The city council held a special meeting this week to discuss its overall policies and procedures and agree to further explore a number of ways to better serve citizens.
Pam Albers, a city council member who once served as city attorney, requested further exploration into the city’s relationship with it’s current firm, BB&K, represented by Scott Campbell, the city’s current attorney.
Albers said the relationship is “not economical,” adding that she has explored various ways to change the relationship with the city.
She gave several specific examples of how they have tried to hold down the cost of the city attorney’s involvement, including a recent task that she felt had taken more time than expected.
City Manager Denise Radde told Albers that she believed adjustments could be made and in fact, that they do occasionally challenge the billing.
Both Albers and Council member Cinde MacGugan-Cassidy acknowledged that oftentimes council members have called on the city attorney to discuss a number of topics and that it is sometimes necessary to do so.
Albers said she wanted to get additional input before reevaluate the city’s relationship with its city attorney and better “manage the city attorney’s time” spent on Avalon issues.
The Council also expressed an openness to explore electing a mayor for a four-year term, instead of two. Albers suggested it was “disruptive” to have an election every two years.
Council member Oley Olsen reminded Albers that city voters had approved the election of a two-year term mayor back in the 1980’s and the Council expressed support for further exploration of having that extended to a four-year term.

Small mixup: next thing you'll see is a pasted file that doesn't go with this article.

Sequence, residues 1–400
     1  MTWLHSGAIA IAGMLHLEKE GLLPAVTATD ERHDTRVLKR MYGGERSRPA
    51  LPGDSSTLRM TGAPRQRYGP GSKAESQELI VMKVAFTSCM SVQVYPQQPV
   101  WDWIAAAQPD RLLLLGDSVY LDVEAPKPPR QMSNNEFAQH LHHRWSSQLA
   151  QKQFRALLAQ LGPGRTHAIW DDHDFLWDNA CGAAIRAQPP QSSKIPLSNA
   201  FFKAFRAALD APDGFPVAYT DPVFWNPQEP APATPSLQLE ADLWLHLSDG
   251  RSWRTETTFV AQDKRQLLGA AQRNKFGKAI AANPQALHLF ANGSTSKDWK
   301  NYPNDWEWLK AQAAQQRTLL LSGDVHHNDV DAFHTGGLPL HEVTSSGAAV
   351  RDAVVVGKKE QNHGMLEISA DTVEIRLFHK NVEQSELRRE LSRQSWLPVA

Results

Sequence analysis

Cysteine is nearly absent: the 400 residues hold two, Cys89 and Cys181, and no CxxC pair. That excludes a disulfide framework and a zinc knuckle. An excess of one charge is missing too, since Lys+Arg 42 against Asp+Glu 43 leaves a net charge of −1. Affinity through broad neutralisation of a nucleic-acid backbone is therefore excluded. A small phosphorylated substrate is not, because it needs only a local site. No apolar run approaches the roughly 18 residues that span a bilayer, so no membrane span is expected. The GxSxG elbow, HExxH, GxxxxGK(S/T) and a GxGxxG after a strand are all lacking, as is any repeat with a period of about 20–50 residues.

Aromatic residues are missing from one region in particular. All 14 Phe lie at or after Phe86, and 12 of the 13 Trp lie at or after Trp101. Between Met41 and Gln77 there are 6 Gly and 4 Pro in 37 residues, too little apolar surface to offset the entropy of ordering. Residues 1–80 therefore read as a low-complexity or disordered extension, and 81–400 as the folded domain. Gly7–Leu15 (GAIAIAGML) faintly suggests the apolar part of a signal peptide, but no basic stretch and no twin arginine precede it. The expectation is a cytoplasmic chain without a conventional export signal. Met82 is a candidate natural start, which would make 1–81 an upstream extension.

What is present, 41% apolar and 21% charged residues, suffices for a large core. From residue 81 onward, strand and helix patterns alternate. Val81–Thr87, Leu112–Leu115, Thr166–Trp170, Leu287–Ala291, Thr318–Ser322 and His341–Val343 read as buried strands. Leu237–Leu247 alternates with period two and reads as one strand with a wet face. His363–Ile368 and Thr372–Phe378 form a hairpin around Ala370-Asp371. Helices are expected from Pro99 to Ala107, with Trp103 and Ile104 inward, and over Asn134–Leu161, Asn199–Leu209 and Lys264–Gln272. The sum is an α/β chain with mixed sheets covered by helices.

Most members of the Council expressed no interest in going back to the system of having the Council select a mayor for one-year terms and having the post rotate as does many other California cities.
Other items that could be changed included;
• Adding some sort of “public comment” section to the city’s website, allowing citizens to have an ability to express concerns to city staff members and elected representatives.
• Extending the time from three minutes to four minutes for public comment periods during meetings or allowing time on a case-by-case basis, given they can find a better method of timing (the city is examining various timing systems).
Consider mandating monies back to Council members for public representation events be turned back into the city. “If taxpayers are paying for us to be in that (various) association, taxpayers should get the money back,” said Mayor Anni Marshall.
According to the city’s agenda, the “ultimate goal of this process is to understand the guidelines of appropriate operating procedures and policies.
The Avalon City Council Policies Manual serves as a resource for Council Members, Department Heads, city staff and members of the public in determining the manner in which city business is conducted.”